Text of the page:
Texas Cigar Businesses Sue FDA Over Warning Label Regulations

Texas Cigar Businesses File Lawsuit Against FDA

Three Texas-based cigar businesses have filed a new lawsuit against the U.S. Food and Drug Administration (FDA). This new lawsuit specifically targets the FDA’s new warning label requirements.

The new lawsuit was filed Jan. 11, 2018 in the U.S. District Court for the Eastern District of Texas. The three businesses–Texas Cigar Merchants Association (TXCMA), El Cubano Cigars, and En Fuego Tobacco Shop–argues that the warning label requirements imposed by the Deeming Rule [read more here] violates the first amendment among many other laws including one that requires the government to follow certain steps before introducing new laws, known as the Administrative Procedure Act.

The warning label regulations have been a point of contention for many in the tobacco industry, with cigar manufacturers now required to not only display a series of warning labels on their packaging and advertising but also submit a plan to the FDA for approval a year in advance. Many in the industry have argued that the new requirements will cover up much of the box and packaging of the product, an important part of the marketing and what sets apart many of the products.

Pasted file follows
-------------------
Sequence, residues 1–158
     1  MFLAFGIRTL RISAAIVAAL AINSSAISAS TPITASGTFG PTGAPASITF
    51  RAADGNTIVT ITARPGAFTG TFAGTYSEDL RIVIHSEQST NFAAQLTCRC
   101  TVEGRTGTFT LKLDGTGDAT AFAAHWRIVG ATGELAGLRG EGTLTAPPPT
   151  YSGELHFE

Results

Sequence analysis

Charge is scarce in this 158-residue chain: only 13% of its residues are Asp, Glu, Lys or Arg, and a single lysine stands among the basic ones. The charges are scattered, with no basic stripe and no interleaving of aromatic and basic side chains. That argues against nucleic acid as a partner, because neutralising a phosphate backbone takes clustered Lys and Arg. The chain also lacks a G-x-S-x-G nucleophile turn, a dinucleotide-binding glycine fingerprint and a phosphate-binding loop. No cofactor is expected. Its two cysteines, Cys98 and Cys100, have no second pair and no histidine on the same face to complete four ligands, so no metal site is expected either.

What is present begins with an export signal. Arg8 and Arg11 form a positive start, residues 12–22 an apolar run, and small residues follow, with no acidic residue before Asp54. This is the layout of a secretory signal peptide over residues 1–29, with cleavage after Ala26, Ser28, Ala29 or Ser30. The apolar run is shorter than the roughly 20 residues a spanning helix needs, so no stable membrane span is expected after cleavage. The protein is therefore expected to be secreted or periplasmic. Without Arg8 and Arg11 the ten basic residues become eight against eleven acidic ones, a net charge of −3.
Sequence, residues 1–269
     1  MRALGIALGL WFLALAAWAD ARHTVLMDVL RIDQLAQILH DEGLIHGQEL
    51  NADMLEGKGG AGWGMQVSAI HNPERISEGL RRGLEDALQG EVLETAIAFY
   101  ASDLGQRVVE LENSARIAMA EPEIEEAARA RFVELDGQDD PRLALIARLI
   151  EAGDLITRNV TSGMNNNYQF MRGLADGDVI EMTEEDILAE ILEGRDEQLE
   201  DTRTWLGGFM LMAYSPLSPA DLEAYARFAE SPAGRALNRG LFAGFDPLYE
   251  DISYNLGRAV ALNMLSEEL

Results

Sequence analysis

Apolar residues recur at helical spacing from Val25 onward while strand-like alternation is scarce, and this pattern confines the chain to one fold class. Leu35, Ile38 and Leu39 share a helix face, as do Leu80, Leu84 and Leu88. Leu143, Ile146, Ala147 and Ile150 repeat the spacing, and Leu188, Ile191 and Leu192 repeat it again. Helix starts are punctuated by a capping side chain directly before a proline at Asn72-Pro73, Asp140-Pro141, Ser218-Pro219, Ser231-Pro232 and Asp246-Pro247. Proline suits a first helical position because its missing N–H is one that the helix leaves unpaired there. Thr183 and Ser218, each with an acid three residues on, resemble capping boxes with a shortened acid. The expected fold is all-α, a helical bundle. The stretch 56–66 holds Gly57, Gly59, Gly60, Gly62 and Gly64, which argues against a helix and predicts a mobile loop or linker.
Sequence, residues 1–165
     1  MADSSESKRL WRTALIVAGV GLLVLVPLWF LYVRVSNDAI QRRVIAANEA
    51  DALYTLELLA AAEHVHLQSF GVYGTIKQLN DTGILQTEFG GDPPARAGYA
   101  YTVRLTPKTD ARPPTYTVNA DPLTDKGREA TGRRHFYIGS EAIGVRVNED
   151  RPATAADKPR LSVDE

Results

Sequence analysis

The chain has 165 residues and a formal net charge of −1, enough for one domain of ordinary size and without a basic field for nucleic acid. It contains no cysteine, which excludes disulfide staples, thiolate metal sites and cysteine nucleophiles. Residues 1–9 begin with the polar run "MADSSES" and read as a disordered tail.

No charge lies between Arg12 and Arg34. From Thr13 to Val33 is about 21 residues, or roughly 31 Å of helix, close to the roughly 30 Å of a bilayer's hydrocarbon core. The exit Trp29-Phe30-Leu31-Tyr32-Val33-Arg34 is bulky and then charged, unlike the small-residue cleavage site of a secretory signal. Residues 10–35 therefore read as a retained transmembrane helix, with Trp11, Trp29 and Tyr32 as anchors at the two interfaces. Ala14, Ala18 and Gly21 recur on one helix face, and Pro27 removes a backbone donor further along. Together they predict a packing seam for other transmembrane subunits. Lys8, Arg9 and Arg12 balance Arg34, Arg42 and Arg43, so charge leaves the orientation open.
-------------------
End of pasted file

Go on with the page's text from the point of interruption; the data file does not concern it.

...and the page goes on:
The Texas lawsuit, which is separate from the lawsuit filed by cigar industry trade groups, argues that the warning labels “seizing 30 percent of each of the two principal panels of a package, the [Final] Rule takes up to 475 percent more of the surface area of the package than the FTC warnings do” and that the “new required warnings will cover up space where manufacturers and retailers speak to consumers.”

In addition, the lawsuit suggests that the FDA Deeming Rule isn’t in the government’s best interest because there isn’t enough research to back up the claim that including these warning labels on products will reduce the use or consumption of cigar products.

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